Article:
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Acta Anaesthesiol Scand. 2011 Jan;55(1):54-9. doi: 10.1111/j.1399-6576.2010.02354.x. Epub 2010 Nov 17.

Ketorolac or fentanyl continuous infusion for post-operative analgesia in children undergoing ureteroneocystostomy.

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1
Department of Anaesthesiology and Pain Medicine, Yonsei University College of Medicine, Seoul, Korea.

Abstract

BACKGROUND:

children undergoing ureteroneocystostomy suffer from post-operative pain due to the surgical incision and bladder spasm. A single-shot caudal block is a common technique for paediatric analgesia, but a disadvantage is the limitation of a short duration in spite of the additives co-administered. A few clinical trials have shown that ketorolac provides an effective post-operative analgesia and reduces the bladder spasms after ureteral implantation in children. We compared the efficacy of a continuous infusion of ketorolac and fentanyl in post-operative analgesia and bladder spasm in children who underwent ureteroneocystostomy.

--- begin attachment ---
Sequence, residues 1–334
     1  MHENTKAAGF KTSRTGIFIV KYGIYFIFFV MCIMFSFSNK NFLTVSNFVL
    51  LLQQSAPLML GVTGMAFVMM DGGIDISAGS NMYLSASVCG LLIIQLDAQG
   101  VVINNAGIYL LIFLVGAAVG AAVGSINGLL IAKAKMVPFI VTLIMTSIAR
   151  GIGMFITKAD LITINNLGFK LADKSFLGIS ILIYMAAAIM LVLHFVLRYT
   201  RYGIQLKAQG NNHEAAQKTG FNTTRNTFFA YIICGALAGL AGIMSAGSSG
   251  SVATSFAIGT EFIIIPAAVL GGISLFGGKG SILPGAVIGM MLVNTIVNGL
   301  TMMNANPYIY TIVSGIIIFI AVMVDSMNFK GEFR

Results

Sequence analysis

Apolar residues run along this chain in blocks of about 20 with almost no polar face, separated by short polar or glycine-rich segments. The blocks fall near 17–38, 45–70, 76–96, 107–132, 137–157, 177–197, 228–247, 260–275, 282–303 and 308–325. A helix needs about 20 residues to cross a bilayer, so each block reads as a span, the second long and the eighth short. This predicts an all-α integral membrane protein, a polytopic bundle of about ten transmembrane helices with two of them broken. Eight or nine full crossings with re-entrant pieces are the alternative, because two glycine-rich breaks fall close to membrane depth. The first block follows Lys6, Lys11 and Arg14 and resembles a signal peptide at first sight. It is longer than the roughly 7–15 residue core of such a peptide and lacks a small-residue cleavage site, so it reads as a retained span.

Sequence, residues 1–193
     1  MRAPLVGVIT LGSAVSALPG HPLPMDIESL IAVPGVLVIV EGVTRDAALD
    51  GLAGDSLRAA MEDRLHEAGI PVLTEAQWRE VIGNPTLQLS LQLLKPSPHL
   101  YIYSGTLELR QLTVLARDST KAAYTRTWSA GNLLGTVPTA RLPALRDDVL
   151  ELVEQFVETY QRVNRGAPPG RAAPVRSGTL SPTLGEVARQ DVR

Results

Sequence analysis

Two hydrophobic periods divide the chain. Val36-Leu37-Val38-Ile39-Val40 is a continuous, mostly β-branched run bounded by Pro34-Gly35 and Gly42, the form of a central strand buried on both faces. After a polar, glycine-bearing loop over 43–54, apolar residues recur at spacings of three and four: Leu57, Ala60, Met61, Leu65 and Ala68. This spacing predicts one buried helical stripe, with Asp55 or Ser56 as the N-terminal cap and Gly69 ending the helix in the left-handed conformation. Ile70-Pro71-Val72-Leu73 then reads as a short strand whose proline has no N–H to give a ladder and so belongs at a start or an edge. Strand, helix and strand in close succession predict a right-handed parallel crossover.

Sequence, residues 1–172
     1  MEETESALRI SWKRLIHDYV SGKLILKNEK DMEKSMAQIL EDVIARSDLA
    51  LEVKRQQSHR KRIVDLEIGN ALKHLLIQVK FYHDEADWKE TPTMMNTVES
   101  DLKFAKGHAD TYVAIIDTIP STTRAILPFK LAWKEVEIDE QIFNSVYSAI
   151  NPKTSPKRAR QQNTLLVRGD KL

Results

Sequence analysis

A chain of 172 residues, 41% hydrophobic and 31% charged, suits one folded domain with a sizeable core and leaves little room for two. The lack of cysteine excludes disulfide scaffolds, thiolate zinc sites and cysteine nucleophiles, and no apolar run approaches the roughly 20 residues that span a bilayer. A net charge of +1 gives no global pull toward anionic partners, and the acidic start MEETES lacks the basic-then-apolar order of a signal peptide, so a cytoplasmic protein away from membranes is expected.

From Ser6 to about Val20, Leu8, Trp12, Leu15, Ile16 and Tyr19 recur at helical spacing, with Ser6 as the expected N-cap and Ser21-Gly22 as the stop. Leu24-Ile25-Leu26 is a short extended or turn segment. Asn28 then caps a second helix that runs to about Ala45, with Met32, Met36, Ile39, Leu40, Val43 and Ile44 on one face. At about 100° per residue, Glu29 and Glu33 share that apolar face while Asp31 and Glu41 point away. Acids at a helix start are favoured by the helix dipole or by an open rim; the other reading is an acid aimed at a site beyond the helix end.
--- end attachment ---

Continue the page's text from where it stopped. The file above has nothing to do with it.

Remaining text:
METHODS:

fifty-two children were allocated to the ketorolac group (Group K, n=26) and fentanyl group (Group F, n=26). After general anaesthesia, a caudal block was performed with 1.5 ml/kg of 0.15% ropivacaine. At the beginning of surgery, an infusion was started after the bolus injection of ketorolac 0.5 mg/kg or fentanyl 1 microg/kg. An infusion device was programmed to deliver ketorolac 83.3 microg/kg/h or fentanyl 0.17 microg/kg/h for 48 h.

RESULTS:

two of Group F and three of Group K were excluded from the study. Post-operative pain scores were similar between the two groups. One of Group K (4%) and seven of Group F (30.4%) experienced bladder spasms. The rescue analgesic requirements were significantly less in Group K.

CONCLUSIONS:

a Continuous infusion of ketorolac provided effective analgesia after operation in children who underwent ureteroneocystostomy as well as a low dosage of fentanyl. Ketorolac was more effective in reducing the frequency of bladder spasms and rescue analgesic requirements.

[Indexed for MEDLINE]

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